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Title: E. E. Griggs, Sacramento, U.S.A. to Rev. John Orr
CollectionIrish Emigration Database
FileGriggs, E.E/31
SenderGriggs, E.E.
Sender Gendermale
Sender Occupationtradesman
Sender Religionunknown
OriginSacramento, California, USA
DestinationPortaferry, Co. Down, N.Ireland
RecipientRev. John Orr
Recipient Gendermale
Relationshipfriends, business
SourceCopyright Retained by John McCleery, 80 Circular Road, Belfast, BT4 2GD
ArchiveThe Ulster American Folk Park, Omagh
Doc. No.9701189
Partial Date
Doc. TypeEMG
LogDocument added by LT, 15:01:97.
Word Count898
TranscriptSacramento City 8 Nov. 1850

Dear Sir
It is in sadness of spirit that I
communicate to you the melancholy intelligence of
the death of your affectionate son, John M. Orr.
He died of cholera, on Sunday last, after 18 hours
illness. He was attacked with diarrhoea in the morning,
and when I arose he had already three stools I
immediately gave him 20 drops of laudanum and 5 do. [drops?]
of camphorated spirits, which he soon vomited up. I then
went for a physician, who came and examined the
case, and said that he could check the disease
but his medicines failed to produce the desired effect.
The medicine was a pill composed of opium to hold the
bowels in check and calomel to get up an action in
the liver, which had not been in a healthy condition
for some weeks; also burned brandy was administered
frequently in small quantities. About sunset, the physician
came again, and gave him an emetic, but it did
not produce any good result. The disease seemed to
work gradually upon the naturally strong constitution,
and finally prevailed over the skill of the Physicians and
the efforts of friends. I called to my assistance a friend
living here, formerly from Chicago, (our mutual friend)
who had experience in such cases, and who stayed by
until the last, and assisted in the burial.
Your son did not suffer much as I think most do, who
have this disease; he had but little cramping, which was
soon stopped by rubbing with camphorated spirits: he
complained of a restlessness, but said he did not feel
much sick. He died without a struggle, while our
friend Briggs & myself were watching at his bed side.
We buried him on Monday, decently in the burying
ground, a mile below the city.
I need not assure you of
my strong and unwavering attachment to your lamented
son: my long acquaintance with him has strengthened that
esteem. In all our vicissitudes while crossing the dreary
Plains, and during our copartnership in this country,
I have found him possessed of sterling integrity, and
uprightness of purpose; affable in his deportment to all,
creating friends wherever he made acquaintances. I have but
one brother, & had I heard of his death, I think it would
not have affected me more painfully than did the death
of John M. Orr.
I know how vain are all attempts
to soothe the bleeding hearts of friends, when mourning
the loss of loved ones; but I pray that "He who tempers the
cold blast to the shorn lambs" may comfort yourself, the
afflicted Mother, sisters & brother, as none besides Him can do.
While we were at our Winter quarters, three or four persons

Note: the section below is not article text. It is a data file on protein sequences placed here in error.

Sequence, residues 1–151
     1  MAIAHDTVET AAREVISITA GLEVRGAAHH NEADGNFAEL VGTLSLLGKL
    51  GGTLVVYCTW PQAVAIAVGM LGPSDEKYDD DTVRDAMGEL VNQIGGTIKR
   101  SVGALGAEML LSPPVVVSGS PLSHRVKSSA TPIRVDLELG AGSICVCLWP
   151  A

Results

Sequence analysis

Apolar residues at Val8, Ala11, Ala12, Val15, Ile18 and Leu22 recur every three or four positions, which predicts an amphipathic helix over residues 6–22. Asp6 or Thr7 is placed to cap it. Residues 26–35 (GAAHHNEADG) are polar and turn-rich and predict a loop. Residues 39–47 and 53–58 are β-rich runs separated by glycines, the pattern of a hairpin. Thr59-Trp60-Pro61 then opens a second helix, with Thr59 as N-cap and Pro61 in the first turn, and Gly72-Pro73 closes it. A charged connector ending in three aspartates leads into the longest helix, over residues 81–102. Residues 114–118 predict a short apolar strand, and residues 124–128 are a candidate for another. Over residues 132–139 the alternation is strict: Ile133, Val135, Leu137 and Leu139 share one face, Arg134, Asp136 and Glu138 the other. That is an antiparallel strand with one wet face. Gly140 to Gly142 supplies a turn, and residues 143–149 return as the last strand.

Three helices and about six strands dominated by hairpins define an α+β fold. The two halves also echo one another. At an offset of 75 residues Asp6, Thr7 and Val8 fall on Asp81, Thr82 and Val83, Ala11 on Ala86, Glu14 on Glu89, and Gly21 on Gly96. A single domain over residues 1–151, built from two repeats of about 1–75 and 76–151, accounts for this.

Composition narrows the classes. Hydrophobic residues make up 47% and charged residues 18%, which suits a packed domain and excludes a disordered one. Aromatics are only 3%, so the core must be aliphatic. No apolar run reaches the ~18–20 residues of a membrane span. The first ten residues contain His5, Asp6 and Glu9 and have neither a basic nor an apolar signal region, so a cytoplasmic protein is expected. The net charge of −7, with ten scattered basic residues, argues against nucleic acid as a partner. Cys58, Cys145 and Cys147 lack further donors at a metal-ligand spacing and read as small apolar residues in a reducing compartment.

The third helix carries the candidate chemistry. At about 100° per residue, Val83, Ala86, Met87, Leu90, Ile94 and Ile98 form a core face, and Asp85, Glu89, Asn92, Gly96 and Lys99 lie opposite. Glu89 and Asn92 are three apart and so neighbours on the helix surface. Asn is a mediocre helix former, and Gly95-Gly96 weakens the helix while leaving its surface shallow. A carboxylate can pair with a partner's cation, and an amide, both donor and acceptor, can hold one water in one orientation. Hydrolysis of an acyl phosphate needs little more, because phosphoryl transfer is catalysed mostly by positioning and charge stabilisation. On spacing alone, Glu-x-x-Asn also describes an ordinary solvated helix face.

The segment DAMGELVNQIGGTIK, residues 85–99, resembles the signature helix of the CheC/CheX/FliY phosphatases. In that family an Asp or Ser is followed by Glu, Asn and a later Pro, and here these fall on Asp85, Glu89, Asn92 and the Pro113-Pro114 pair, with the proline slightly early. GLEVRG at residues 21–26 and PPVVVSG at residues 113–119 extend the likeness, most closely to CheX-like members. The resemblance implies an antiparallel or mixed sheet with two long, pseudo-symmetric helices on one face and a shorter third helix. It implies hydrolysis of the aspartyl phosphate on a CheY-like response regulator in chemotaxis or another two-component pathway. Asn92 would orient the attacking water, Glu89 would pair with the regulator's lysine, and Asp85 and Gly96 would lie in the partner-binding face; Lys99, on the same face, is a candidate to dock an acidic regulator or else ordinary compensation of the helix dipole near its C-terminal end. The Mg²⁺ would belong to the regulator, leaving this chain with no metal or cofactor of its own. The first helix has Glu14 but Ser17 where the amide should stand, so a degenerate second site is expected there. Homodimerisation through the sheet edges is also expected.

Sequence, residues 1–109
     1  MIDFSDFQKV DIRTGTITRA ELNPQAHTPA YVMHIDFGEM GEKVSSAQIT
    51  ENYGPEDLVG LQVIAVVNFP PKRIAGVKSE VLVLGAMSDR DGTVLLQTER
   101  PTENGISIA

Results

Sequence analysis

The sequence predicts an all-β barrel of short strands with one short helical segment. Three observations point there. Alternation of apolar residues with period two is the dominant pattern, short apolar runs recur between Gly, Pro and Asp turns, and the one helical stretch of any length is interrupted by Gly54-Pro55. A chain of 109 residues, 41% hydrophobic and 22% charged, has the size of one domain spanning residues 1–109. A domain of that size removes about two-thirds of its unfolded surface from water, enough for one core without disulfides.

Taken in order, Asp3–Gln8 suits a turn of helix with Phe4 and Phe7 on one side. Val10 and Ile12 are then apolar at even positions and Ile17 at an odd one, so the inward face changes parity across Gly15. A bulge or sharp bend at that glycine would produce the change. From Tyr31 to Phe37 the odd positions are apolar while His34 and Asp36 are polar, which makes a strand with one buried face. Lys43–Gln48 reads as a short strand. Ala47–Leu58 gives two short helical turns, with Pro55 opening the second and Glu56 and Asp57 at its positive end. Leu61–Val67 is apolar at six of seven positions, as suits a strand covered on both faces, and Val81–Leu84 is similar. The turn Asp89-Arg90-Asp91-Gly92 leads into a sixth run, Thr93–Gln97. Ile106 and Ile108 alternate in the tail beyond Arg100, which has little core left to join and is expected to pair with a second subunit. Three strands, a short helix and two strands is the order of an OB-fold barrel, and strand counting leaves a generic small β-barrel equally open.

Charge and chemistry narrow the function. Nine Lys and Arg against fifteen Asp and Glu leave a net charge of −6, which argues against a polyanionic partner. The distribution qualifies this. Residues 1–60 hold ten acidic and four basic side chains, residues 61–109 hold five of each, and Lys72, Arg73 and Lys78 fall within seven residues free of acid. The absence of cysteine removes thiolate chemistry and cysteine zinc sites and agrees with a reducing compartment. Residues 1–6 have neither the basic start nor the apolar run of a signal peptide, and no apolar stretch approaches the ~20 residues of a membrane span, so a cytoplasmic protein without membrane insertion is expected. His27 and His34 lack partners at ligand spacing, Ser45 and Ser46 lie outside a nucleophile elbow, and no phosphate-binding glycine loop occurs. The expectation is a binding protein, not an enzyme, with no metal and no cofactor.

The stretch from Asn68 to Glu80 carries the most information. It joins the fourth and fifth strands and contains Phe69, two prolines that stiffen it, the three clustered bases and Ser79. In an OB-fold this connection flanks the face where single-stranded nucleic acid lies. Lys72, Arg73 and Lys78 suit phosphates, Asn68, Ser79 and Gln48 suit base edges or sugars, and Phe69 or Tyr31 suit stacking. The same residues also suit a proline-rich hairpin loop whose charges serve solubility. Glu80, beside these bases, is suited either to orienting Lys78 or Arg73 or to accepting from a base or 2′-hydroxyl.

who were professors of religion frequently assembled at our
house to hold religious exercises, reading, singing, and praying,
and your son would always remain, paying a great deference to the
exercises. I had a conversation with him upon religion, and
found that he was strictly orthodox - that he believed that Christ was
the sinners only hope and refuge.

We had been anticipating much pleasure
in spending the winter on the Makellome River,
where Thomas Warnock and his brother are mining. We
had disposed of our hay, and were purchasing some goods
to take over, calculating to start the first of this week,
but Death has interposed and I am left lonely and sad
My friends in the States mention your son in their letters
remarking that we must be attached like brothers & [sisters?]
we were.
I presume your son has written you
the particulars of all our business transactions. I think
his property here when all converted into money will
amount to some $700 to $800 besides a lot which we fenced
in the city at a cost of $38 each and which, if the U.S.
Gov. [Government?] holds will be worth in a year, I think $1000.
We thought that our prospect in the Hay business [was?]
very flattering, but the hay shrunk so in weight that we
were sadly disappointed. We hired a man and his team to
assist us in hauling to the mines and paid him $300 for a
month. We hauled eight loads, and found that selling it
at 15 cents per lb or $300 per ton, it only amounted to
about $100 per load, only about enough to pay us well for
hauling. We then concluded to sell our hay here and did so
after feeding our cattle from it about a fortnight we had
a little less than 12 tons which we sold at $50 per ton.
Had we sold our hay as fast as we cut it we should
have got $35 to $40 per load for the 40 loads. Our expenses
have been quite heavy. As Mr Warnock had charge of your
son's business after the latter left Chicago I think best to
see him and advise with him upon the subject. I feel
as if I would like to get a partner who could partially
fill the void occasioned by the death of your son, and who
would purchase your deceased son's share in the team &
implements at a fair valuation. I shall await your order
with regard to the disposal of proceeds of the property.
There may be some things which Mr. Warnock can designate
to reserve for you as keepsakes.
I am, sir
Respectfully, yours,
Rev. John Orr. E. E. Griggs